For starters, two pieces of core documentation disagree with one another. The official Windows 11 System Requirements page has one set of specs, while the Compatibility for Windows 11 documentation that the Windows engineering team prepared for Microsoft partners as part of the Compatibility Cookbook for Windows tells (update: well, told)  a different story. And in both cases the details are incomplete.

To cap things off, the official compatibility checker (included in the new PC Health Check app) that Microsoft released to its most eager fans on the day of the Big Reveal delivered its results without details. If the compatibility checker says your PC will run Windows 11, you're good to go. But when those eager would-be upgraders ran the compatibility check and got results like the one shown below on a system that appeared to meet every specification with ease? Ugh.



Update: After this article was published, Microsoft released a new version of the PC Health Check app, without documenting the fact that the tool had been revised. The new version includes a few extra words in the dialog box that explains the results. On my test PC, the new wording reads "This PC can't run Windows 11. This processor isn't supported for Windows 11."

That, of course, was in conflict with the official documentation at Microsoft Docs, which said that the older CPU would be supported, but upgrading was not advised. And then someone decided to edit the documentation. Hoo boy. Read on.


The basic hurdles are easy enough to clear. You need a 64-bit Intel or AMD processor running at a speed of at least 1 GHz with 2 or more cores, or, on Arm-based PCs, a compatible System on a Chip (SoC). The biggest change from Windows 10 specs is that 32-bit (x86) CPUs are no longer supported. You also need at least 4 GB of RAM and 64 GB of storage. Most PCs built in the last 10 years will meet those specs.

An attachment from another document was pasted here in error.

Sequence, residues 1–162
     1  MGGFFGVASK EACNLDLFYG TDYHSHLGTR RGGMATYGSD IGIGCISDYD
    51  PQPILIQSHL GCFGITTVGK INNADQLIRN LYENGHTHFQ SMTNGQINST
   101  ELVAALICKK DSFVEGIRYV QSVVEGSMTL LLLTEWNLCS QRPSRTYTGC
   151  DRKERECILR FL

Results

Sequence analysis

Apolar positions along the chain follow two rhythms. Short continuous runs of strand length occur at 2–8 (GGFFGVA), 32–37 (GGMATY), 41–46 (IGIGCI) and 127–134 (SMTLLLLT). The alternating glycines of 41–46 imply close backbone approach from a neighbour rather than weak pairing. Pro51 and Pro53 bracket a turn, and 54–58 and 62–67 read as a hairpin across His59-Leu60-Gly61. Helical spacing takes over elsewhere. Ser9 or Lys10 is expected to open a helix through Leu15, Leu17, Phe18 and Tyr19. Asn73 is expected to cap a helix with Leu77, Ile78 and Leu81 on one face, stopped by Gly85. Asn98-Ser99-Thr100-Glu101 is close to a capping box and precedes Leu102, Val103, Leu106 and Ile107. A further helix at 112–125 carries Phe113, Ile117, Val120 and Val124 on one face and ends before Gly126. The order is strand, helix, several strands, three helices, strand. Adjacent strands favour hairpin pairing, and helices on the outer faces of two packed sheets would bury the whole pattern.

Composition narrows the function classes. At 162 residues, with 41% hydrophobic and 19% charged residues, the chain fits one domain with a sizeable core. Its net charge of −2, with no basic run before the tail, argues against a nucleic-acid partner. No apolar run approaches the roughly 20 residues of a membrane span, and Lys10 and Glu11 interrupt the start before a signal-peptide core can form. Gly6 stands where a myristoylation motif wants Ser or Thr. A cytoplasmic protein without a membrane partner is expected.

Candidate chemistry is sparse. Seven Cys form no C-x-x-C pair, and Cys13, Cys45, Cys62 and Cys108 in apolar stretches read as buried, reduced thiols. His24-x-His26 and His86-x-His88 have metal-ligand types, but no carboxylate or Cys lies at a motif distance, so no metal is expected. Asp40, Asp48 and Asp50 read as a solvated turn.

The device also can't be running in S Mode.

The two biggest stumbling blocks for PCs involve support for an essential security feature called a Trusted Platform Module, or TPM, and support for a minimum CPU generation.

TPM support

The system requirements page says you'll need a TPM version 2.0 to run Windows 11. The Compatibility Cookbook says you'll need a TPM version of 1.2 or greater. Specifically, the TPM 1.2 requirement (with a Secure Boot capable PC) is part of a so-called Hard Floor, while the TPM 2.0 spec is part of the Soft Floor.

According to the docs, "Devices that do not meet the hard floor cannot be upgraded to Windows 11, and devices that meet the soft floor will receive a notification that upgrade is not advised."

Update: And now Microsoft has revised the Compatibility Cookbook page, removing all references to the Soft Floor and Hard Floor and adding a note that says TPM 2.0 support and a compatible CPU are required.

That's not a trivial detail, because millions of older PCs are equipped with TPM 1.2 in hardware and can't be upgraded.

To make things even more confusing, the compatibility checker might tell you your PC can't be upgraded to Windows 11 if the device has a TPM but that feature is disabled in firmware.

You can check for the presence of a TPM by looking in Device Manager (Devmgmt.msc) under the Security Devices heading, as shown here.


Use Device Manager to check the TPM version

You can also run the TPM Management snap-in (Tpm.msc). That tool will tell you the name of the TPM manufacturer as well as the version information. Be sure to close the snap-in without making any changes.

If you're certain your PC has a TPM but you don't see it listed in Device Manager, you'll need to go into firmware settings and enable it. On a UEFI-based Windows 10 PC, the easiest way to do that is to follow these steps: